In late 2019, Ankur Paliwal, a journalist based in New Delhi, received an intriguing phone call from Mitali Mukerji, a bioengineering professor at the Indian Institute of Technology in Jodhpur. Paliwal had spoken with her as he reported other stories, and now she had a tip she thought he might be interested in.
When they met about a month later, Mukerji told Paliwal about her work on spinocerebellar ataxia, a rare hereditary disease that first shows up as a movement disorder. In some cases the condition emerges when the person is entering their teens, and in all cases it eventually gives way to debilitating loss of body control. Mukerji and other scientists in the field had been wary of drawing media attention to the disease, worried that the crippling nature of the disease and its impacts in only certain closed communities might lead to its sufferers being stigmatized. But, Mukerji had developed a rapport with Paliwal, and she said she trusted he would do justice in portraying the disease and the nuances around it.
Over his 12-year career as a journalist, Paliwal has worn several hats. He began as a trainee reporter in 2009 covering the general beat, before joining Down to Earth, an environmental magazine, as a health and energy reporter. A few year later, Paliwal went on to study science and health journalism at Columbia. Now a freelance journalist, he says he is drawn, among other things, to stories that capture “the experience of being a human and those that reveal the complexity of our lives in the places we live in.” And if issues of science are involved, he says, it’s “a perfect combination.”
“Off Balance,” published in April 2022 in Fifty Two, is one such combination. Paliwal begins the story on the sixth floor of a genomics laboratory in Delhi, peering over the shoulder of a scientist working on ataxia, before transporting the reader to a spare home in Saharanpur, a small district in the state of Uttar Pradesh, where the reader meets the story’s central character, Mohammad Shahid, and several others in his family.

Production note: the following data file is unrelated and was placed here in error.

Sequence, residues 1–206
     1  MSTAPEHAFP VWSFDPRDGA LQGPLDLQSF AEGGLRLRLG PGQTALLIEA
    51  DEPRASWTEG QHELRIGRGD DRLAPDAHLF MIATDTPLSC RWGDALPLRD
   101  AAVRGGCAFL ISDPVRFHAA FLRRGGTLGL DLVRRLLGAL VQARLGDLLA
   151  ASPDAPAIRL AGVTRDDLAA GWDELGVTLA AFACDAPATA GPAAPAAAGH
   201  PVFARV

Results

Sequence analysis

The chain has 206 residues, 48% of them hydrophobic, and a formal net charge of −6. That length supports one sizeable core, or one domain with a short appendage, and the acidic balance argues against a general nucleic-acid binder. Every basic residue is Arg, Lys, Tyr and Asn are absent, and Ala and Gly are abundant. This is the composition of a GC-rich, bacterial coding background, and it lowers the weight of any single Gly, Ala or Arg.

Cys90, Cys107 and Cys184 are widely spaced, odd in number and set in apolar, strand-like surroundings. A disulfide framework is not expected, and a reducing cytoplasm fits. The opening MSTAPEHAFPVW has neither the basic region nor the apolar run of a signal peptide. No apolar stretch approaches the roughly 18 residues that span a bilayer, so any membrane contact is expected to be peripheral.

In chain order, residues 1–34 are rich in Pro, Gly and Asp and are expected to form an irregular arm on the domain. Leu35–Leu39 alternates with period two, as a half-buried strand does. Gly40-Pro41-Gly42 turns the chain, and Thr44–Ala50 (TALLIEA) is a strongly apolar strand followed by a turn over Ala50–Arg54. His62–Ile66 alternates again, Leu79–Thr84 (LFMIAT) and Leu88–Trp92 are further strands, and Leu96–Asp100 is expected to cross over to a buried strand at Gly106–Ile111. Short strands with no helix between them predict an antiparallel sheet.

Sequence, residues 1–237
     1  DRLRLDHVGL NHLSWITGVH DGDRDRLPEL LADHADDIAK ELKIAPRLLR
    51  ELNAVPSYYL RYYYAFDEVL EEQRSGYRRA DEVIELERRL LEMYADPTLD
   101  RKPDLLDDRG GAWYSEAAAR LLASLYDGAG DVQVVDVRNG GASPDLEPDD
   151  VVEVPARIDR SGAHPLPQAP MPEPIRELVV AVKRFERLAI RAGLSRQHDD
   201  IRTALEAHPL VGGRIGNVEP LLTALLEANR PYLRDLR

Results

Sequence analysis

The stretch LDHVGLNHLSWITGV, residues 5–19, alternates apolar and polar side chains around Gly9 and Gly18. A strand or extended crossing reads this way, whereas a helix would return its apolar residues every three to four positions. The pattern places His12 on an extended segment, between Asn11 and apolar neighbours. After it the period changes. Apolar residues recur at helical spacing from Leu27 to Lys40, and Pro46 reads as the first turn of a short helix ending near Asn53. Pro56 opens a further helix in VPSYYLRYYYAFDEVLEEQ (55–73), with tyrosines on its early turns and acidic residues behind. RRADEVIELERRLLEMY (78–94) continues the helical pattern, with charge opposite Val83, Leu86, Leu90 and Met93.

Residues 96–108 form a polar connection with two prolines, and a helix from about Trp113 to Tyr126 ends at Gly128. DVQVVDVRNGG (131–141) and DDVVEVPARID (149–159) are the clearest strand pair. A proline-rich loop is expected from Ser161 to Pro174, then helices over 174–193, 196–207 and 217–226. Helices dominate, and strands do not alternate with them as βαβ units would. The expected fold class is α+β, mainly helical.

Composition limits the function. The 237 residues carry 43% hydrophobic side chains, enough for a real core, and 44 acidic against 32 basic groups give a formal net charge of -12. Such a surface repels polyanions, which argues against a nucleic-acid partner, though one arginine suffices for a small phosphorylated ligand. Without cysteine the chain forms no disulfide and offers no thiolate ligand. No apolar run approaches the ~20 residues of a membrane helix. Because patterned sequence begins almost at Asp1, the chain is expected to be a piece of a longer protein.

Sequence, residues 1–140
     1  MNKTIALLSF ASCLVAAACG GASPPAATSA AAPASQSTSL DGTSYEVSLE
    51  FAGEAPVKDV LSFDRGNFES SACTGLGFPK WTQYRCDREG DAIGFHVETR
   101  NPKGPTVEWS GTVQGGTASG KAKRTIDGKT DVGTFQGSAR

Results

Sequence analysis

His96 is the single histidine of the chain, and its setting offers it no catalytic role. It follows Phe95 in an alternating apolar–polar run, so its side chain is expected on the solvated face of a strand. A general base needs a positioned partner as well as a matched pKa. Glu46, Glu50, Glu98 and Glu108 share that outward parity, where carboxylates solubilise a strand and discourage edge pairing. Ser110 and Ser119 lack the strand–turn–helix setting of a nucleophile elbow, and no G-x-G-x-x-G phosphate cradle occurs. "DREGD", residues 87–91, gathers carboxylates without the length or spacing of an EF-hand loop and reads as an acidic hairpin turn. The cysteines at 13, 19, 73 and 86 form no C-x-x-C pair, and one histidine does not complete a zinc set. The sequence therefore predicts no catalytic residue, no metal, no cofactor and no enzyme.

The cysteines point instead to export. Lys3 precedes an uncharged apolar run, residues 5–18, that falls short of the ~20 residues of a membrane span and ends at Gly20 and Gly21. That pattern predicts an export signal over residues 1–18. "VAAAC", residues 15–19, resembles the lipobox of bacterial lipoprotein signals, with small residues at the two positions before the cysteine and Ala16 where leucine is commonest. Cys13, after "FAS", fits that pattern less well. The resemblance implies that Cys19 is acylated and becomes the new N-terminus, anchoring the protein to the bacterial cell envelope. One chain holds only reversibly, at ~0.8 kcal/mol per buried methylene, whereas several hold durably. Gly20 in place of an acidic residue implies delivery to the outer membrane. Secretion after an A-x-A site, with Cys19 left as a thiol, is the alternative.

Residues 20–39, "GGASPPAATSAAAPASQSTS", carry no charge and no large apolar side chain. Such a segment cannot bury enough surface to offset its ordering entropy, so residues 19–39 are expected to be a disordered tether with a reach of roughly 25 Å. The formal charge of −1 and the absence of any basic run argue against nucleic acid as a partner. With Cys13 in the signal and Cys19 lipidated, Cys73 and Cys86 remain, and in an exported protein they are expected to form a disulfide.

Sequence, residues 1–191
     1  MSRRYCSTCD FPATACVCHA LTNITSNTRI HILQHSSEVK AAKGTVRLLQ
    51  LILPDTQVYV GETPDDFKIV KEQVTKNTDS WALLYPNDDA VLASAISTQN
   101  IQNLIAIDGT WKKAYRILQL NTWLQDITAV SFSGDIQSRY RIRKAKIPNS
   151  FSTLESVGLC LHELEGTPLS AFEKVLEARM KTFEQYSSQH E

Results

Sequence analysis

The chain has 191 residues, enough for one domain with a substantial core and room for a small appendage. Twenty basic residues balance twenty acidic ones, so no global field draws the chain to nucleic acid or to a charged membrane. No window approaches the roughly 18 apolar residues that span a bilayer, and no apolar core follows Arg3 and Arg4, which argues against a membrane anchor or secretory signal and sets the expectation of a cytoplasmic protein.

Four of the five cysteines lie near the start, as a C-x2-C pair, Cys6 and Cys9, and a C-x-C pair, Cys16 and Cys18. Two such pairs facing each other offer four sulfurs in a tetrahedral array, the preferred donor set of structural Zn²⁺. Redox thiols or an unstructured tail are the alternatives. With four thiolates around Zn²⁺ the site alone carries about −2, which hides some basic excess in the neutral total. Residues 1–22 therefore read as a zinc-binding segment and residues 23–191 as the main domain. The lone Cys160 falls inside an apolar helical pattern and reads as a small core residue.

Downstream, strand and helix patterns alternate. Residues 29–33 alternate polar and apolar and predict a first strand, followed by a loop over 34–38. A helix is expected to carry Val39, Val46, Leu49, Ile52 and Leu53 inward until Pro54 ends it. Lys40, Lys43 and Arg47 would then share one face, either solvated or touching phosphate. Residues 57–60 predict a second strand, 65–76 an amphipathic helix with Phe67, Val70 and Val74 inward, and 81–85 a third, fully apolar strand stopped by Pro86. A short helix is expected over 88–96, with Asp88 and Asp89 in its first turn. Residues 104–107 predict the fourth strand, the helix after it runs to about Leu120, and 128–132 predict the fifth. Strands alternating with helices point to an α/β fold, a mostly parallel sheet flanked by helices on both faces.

Through the course of the piece, Paliwal examines the genetics of ataxia, and explains the long history of the disease’s discovery. Readers meet a scientist who traveled the world in search of ataxia patients, and learn how the launch of the Human Genome Project spurred progress in our understanding of the genetic origin of such diseases.
Paliwal then brings the story back home, introducing a handful of researchers in India, who, despite the lack of funding and resources, have doggedly worked on ataxia. Science is an incremental process, says Paliwal, and progress is contingent on funding and researchers carrying the work forward.“ That is what I wanted to show in my piece,” he says.
The story portrays in intimate detail what it is like to live with the disease, capturing moments of personal frustration and social stigma that patients experience. Amidst the suffering, Paliwal offers a glimpse into the past lives of the patients—their aspirations and preoccupations—and captures moments of hope and joy in their lives, like one patient’s penchant for sharing inspirational Urdu poems.
Paliwal’s story is a shining example of empathetic writing—in that it spotlights nuances of the patients’ and caregivers’ experiences, as well as those of the researchers tirelessly working on the disease. Here, he tells Pratik Pawar about his reporting process and how he built trust with the patients in order to paint detailed personal portraits. He explains how he wove those together with the history of the disease and the story of how the science evolved over time. Paliwal also shares the dilemmas he faced while reporting on disability in a developing country like India, and how he made sure that he was being sensitive and fair in his reporting. (This interview has been edited for length and clarity.)
How did you go about sourcing for this story, and how did you get people to talk to you?
So Faruq [one of the researchers] met me and I asked him if he can introduce me to some families. He spoke to a couple of patients and one of them was Rashid, Shahid’s brother in Saharanpur, and gave me his number and said that you can talk to him and see what he says. [Rashid] was very reluctant [to talk] but I said, “Can I just come and meet you?”
So I took a train to Saharanpur and met Rashid, his brothers and family, and met Shahid. I spent the day with them, just talking to them and moving around the neighborhood, where other families [with the disease] were.
In my reporting process, I generally talk to a lot of people. I met a couple of families in Saharanpur just to get a sense of who is open to what extent, while also being conscious of the fact that I am adding to their pain. I had to really navigate it very sensitively and honor their time.